Kelly Gleason ’98 may not have realized it, but she has been on a collision course with whaling captain George Pollard’s legacy nearly her entire life. Her experiences and interests have been drawing her inexorably to the tragedy at French Frigate Shoals.
While growing up in Santa Barbara, California, she was fascinated with the ocean and maritime history. In her teens she worked as a lifeguard, earned her scuba certification, competed on a swim team and learned long-distance ocean swimming, which she still does. In high school she saw a National Geographic article about underwater archaeology, which planted the idea that finding shipwrecks might be a great way to earn a living.
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To the adventurous adolescent, a job that required snorkeling and scuba diving off coral reefs sounded like an amazing fantasy. What’s more amazing is the adventurous adult actually achieved the dream. “I remember thinking, ‘Wow! That’s a career! That’s a job!’ And I kind of filed it away in the back of my head. I was interested in a lot of things, but this was always a nagging possibility.”
Before pursuing that nagging possibility, Gleason explored many of her other interests through Notre Dame’s Program in Liberal Studies (PLS). In fact, she still draws on it. Gleason points to her old, marked-up copy of Moby-Dick as evidence. The NOAA scientist says she’s referred numerous times to her dog-eared paperback for its technical whaling information. “I love it that I’m still using my PLS copy of Moby-Dick to interpret shipwrecks,” she says.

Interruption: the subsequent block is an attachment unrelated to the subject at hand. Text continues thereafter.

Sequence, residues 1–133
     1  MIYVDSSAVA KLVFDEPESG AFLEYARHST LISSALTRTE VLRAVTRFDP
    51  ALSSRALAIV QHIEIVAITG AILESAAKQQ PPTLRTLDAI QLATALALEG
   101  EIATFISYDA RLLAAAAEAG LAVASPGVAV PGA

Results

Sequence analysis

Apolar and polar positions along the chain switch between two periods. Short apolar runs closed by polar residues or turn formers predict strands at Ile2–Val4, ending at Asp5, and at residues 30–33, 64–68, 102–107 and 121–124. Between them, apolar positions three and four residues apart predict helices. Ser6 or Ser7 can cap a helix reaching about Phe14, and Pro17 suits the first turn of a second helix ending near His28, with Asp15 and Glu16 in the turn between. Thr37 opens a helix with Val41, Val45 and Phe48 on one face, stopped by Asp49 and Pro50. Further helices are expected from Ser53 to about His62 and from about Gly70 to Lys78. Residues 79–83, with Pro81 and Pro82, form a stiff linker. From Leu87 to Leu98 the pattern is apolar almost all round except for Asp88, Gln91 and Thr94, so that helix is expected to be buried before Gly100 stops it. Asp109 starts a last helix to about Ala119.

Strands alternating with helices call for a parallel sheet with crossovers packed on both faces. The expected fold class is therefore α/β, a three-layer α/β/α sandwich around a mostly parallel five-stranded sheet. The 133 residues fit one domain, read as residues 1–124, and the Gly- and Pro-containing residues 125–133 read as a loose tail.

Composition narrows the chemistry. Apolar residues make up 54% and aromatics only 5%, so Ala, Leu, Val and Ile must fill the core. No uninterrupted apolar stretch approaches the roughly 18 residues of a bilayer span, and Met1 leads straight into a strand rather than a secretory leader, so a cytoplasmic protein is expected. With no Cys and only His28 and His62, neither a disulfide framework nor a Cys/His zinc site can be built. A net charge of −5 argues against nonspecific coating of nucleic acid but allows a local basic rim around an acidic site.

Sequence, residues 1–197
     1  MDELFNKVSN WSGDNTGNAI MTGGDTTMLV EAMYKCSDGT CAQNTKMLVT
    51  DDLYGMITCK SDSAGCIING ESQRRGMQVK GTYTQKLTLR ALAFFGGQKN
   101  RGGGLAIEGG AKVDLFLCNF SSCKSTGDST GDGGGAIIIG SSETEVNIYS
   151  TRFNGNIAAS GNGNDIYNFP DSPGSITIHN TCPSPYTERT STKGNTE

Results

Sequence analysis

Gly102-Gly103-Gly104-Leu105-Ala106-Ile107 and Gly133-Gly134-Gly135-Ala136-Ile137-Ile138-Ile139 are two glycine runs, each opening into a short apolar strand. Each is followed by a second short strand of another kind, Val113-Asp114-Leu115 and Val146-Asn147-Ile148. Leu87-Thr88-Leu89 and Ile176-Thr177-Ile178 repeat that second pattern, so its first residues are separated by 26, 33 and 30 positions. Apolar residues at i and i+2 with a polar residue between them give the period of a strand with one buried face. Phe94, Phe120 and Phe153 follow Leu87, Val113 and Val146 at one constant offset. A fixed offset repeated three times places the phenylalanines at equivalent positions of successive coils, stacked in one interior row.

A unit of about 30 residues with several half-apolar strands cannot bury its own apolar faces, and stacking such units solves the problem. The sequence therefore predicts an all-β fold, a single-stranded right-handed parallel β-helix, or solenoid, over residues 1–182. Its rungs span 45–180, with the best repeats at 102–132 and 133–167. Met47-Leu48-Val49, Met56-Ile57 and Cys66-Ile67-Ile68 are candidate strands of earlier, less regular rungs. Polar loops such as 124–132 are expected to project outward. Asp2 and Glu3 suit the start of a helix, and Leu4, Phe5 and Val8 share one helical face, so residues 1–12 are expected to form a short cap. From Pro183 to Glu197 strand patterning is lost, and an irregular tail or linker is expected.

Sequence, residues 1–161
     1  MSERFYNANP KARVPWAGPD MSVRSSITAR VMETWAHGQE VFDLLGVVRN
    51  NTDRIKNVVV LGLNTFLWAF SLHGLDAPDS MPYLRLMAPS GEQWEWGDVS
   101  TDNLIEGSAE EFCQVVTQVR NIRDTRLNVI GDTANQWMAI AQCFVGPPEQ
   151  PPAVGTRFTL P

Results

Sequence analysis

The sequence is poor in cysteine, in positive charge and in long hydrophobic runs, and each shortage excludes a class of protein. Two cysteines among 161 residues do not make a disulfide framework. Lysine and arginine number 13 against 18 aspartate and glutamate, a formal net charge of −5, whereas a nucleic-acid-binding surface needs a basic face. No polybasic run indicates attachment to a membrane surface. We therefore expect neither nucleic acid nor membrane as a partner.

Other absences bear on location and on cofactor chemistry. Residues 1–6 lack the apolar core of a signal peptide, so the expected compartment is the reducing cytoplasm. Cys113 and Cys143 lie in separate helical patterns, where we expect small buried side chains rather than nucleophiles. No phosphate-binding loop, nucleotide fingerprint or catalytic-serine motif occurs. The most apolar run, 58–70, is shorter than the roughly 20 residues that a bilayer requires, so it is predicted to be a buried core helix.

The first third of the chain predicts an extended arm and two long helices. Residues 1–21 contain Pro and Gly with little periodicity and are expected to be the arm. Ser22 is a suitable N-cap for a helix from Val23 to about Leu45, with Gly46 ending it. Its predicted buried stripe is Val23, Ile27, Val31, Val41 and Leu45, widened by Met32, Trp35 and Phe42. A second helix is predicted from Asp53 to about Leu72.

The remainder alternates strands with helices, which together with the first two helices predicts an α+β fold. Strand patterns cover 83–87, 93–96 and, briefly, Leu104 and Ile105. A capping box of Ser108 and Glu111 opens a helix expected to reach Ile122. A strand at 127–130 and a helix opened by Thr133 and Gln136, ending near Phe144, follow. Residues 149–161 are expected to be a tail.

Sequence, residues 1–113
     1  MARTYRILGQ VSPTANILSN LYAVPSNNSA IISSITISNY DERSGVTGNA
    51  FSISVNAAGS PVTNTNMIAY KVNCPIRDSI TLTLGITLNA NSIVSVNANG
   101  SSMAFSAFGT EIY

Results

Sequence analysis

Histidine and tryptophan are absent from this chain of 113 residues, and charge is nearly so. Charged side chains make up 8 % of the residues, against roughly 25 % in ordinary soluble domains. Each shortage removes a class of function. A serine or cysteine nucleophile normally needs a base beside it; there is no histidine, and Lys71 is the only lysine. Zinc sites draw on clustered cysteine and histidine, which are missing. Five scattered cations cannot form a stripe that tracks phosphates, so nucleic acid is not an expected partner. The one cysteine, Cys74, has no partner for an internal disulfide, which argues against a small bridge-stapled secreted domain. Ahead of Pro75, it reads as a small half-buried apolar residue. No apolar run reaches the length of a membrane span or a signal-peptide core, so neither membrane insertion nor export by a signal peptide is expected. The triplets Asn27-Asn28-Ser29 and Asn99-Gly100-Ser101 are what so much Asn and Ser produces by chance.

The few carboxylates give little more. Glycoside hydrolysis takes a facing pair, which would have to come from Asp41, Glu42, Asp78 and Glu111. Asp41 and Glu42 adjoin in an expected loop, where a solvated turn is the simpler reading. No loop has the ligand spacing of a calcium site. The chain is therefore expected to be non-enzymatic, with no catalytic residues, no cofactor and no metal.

After Notre Dame, Gleason decided to pursue her goal in earnest, first picking up a master’s degree in underwater archaeology from the University of St. Andrews in Scotland in 2000. Among other handy skills, she learned there how to map shipwreck sites, draw artifacts underwater and design museum exhibits. She refined and added to those skills with a doctorate from East Carolina University in 2006.
With the proper credentials in hand, Gleason found her Hawaiian dream job through determination and a dash of luck. While finishing her doctoral dissertation, Gleason lined up an internship with the National Oceanic and Atmospheric Administration (NOAA) in Hawaii. That eventually led to her current staff position as maritime archaeologist for the Papahanaumokuakea Marine National Monument.
Since she began working for NOAA, Gleason has explored more than 20 shipwrecks and several World War II vintage aircraft, including a rare Brewster Buffalo fighter plane lost during the Battle of Midway.